11. Pulse shape analysis of a two fold clover detector with an EMD based new algorithm: A comparison

    NASA Astrophysics Data System (ADS)

    Siwal, Davinder; Mandal, S.; Palit, R.; Sethi, J.; Garg, R.; Saha, S.; Prasad, Awadhesh; Chavan, P. B.; Naidu, B. S.; Jadhav, S.; Donthi, R.; Schaffner, H.; Adamczewski-Musch, J.; Kurz, N.; Wollersheim, H. J.; Singh, R.

    2014-03-01

    An investigation of Empirical Mode Decomposition (EMD) based noise filtering algorithm has been carried out on a mirror signal from a two fold germanium clover detector. EMD technique can decompose linear as well as nonlinear and chaotic signals with a precise frequency resolution. It allows to decompose the preamplifier signal (charge pulse) on an event-by-event basis. The filtering algorithm provides the information about the Intrinsic Mode Functions (IMFs) mainly dominated by the noise. It preserves the signal information and separates the overriding noise oscillations from the signals. The identification of noise structure is based on the frequency distributions of different IMFs. The preamplifier noise components which distort the azimuthal co-ordinates information have been extracted on the basis of the correlation between the different IMFs and the mirror signal. The correlation studies have been carried out both in frequency and time domain. The extracted correlation coefficient provides an important information regarding the pulse shape of the γ-ray interaction in the detector. A comparison between the EMD based and state-of-the-art wavelet based denoising techniques has also been made and discussed. It has been observed that the fractional noise strength distribution varies with the position of the collimated gamma-ray source. Above trend has been reproduced by both the denoising techniques.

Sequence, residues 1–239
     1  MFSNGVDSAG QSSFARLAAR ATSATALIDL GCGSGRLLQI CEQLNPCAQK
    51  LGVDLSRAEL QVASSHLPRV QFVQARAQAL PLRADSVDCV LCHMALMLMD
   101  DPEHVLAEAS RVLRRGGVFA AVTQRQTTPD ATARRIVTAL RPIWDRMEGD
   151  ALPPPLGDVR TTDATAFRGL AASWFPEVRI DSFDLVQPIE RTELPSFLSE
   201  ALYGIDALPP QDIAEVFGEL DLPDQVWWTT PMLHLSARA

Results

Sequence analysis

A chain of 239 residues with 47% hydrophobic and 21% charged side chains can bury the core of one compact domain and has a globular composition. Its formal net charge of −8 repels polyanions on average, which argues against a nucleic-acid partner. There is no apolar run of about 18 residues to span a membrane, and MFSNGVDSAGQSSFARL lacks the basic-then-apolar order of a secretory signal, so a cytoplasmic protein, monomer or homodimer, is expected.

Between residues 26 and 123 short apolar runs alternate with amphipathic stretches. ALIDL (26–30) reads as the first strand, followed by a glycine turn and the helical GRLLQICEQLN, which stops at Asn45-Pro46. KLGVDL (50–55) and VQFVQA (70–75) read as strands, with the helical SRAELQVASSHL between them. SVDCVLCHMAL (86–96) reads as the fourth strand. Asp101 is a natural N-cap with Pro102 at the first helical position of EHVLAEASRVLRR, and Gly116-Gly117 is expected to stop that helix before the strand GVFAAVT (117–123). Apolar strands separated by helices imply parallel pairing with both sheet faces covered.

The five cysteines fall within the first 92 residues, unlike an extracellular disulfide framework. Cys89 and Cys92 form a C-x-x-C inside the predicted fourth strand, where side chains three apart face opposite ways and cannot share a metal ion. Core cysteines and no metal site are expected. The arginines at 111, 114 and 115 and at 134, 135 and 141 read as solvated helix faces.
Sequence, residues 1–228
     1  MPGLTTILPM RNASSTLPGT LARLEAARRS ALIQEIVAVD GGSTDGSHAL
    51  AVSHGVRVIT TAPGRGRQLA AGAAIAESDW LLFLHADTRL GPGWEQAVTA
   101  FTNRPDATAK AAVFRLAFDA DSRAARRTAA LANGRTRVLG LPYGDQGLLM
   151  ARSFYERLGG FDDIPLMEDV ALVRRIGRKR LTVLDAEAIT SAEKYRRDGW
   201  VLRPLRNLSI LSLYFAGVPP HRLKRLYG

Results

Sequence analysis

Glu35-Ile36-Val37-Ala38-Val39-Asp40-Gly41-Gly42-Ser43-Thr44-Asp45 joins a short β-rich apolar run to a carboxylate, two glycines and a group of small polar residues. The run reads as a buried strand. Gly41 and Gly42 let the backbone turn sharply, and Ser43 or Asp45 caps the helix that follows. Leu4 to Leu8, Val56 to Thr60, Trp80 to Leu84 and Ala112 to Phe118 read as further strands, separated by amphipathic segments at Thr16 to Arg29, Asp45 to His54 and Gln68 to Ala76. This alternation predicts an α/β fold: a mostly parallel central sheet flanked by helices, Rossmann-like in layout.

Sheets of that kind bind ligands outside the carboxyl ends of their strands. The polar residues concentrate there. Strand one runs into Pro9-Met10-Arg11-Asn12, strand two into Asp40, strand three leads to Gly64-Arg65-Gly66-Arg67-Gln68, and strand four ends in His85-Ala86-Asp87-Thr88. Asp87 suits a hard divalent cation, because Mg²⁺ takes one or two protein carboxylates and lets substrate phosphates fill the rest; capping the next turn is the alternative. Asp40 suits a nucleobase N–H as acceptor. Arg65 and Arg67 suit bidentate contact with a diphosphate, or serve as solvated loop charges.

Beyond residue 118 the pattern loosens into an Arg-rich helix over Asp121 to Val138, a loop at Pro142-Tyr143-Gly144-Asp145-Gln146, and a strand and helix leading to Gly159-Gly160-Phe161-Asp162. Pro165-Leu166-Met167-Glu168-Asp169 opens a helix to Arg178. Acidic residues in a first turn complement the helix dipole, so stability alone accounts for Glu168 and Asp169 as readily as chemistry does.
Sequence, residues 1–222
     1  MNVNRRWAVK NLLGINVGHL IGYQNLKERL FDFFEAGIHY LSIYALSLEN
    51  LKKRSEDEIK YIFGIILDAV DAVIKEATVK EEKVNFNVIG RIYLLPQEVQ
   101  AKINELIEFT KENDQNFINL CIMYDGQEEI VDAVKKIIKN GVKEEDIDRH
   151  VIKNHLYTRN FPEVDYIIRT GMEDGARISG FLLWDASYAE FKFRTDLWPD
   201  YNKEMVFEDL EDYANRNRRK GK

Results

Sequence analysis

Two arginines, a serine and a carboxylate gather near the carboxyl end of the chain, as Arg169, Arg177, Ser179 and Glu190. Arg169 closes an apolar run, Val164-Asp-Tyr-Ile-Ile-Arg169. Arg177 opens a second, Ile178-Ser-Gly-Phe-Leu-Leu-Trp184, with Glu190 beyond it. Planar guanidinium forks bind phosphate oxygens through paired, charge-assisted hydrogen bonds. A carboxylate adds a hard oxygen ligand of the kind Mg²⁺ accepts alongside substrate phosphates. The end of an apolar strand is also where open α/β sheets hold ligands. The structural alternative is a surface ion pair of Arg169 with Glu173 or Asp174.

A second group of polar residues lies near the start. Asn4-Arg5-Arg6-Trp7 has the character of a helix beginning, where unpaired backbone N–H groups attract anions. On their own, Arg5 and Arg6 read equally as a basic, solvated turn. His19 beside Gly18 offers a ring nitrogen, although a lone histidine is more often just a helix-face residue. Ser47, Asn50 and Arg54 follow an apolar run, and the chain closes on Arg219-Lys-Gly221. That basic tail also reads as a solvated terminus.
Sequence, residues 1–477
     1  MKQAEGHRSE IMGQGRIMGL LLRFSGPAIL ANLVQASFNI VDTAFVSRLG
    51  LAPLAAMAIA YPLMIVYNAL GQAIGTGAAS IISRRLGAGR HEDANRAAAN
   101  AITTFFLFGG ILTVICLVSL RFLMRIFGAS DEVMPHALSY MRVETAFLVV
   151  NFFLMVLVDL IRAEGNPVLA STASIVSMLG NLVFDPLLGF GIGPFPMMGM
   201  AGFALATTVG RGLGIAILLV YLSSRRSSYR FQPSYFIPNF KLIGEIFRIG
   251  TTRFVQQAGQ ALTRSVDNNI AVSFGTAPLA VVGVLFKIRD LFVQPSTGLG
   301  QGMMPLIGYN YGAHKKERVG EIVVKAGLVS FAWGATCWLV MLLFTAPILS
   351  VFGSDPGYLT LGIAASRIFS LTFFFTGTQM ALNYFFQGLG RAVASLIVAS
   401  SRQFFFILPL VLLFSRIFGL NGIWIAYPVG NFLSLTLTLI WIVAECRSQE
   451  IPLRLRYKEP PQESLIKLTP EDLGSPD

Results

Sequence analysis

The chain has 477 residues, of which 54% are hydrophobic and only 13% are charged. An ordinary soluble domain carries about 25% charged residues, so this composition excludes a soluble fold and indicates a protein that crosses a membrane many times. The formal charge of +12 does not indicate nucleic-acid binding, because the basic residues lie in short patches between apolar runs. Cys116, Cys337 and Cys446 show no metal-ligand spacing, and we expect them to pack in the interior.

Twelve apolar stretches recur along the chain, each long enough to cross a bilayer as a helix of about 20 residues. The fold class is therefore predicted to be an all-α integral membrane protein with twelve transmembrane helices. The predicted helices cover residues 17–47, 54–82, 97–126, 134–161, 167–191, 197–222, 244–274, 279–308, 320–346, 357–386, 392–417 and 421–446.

12. Modified compensation algorithm of lever-arm effect and flexural deformation for polar shipborne transfer alignment based on improved adaptive Kalman filter

    NASA Astrophysics Data System (ADS)

    Wang, Tongda; Cheng, Jianhua; Guan, Dongxue; Kang, Yingyao; Zhang, Wei

    2017-09-01

    Due to the lever-arm effect and flexural deformation in the practical application of transfer alignment (TA), the TA performance is decreased. The existing polar TA algorithm only compensates a fixed lever-arm without considering the dynamic lever-arm caused by flexural deformation; traditional non-polar TA algorithms also have some limitations. Thus, the performance of existing compensation algorithms is unsatisfactory. In this paper, a modified compensation algorithm of the lever-arm effect and flexural deformation is proposed to promote the accuracy and speed of the polar TA. On the basis of a dynamic lever-arm model and a noise compensation method for flexural deformation, polar TA equations are derived in grid frames. Based on the velocity-plus-attitude matching method, the filter models of polar TA are designed. An adaptive Kalman filter (AKF) is improved to promote the robustness and accuracy of the system, and then applied to the estimation of the misalignment angles. Simulation and experiment results have demonstrated that the modified compensation algorithm based on the improved AKF for polar TA can effectively compensate the lever-arm effect and flexural deformation, and then improve the accuracy and speed of TA in the polar region.

  13. A lightweight QRS detector for single lead ECG signals using a max-min difference algorithm.

    PubMed

    Pandit, Diptangshu; Zhang, Li; Liu, Chengyu; Chattopadhyay, Samiran; Aslam, Nauman; Lim, Chee Peng

    2017-06-01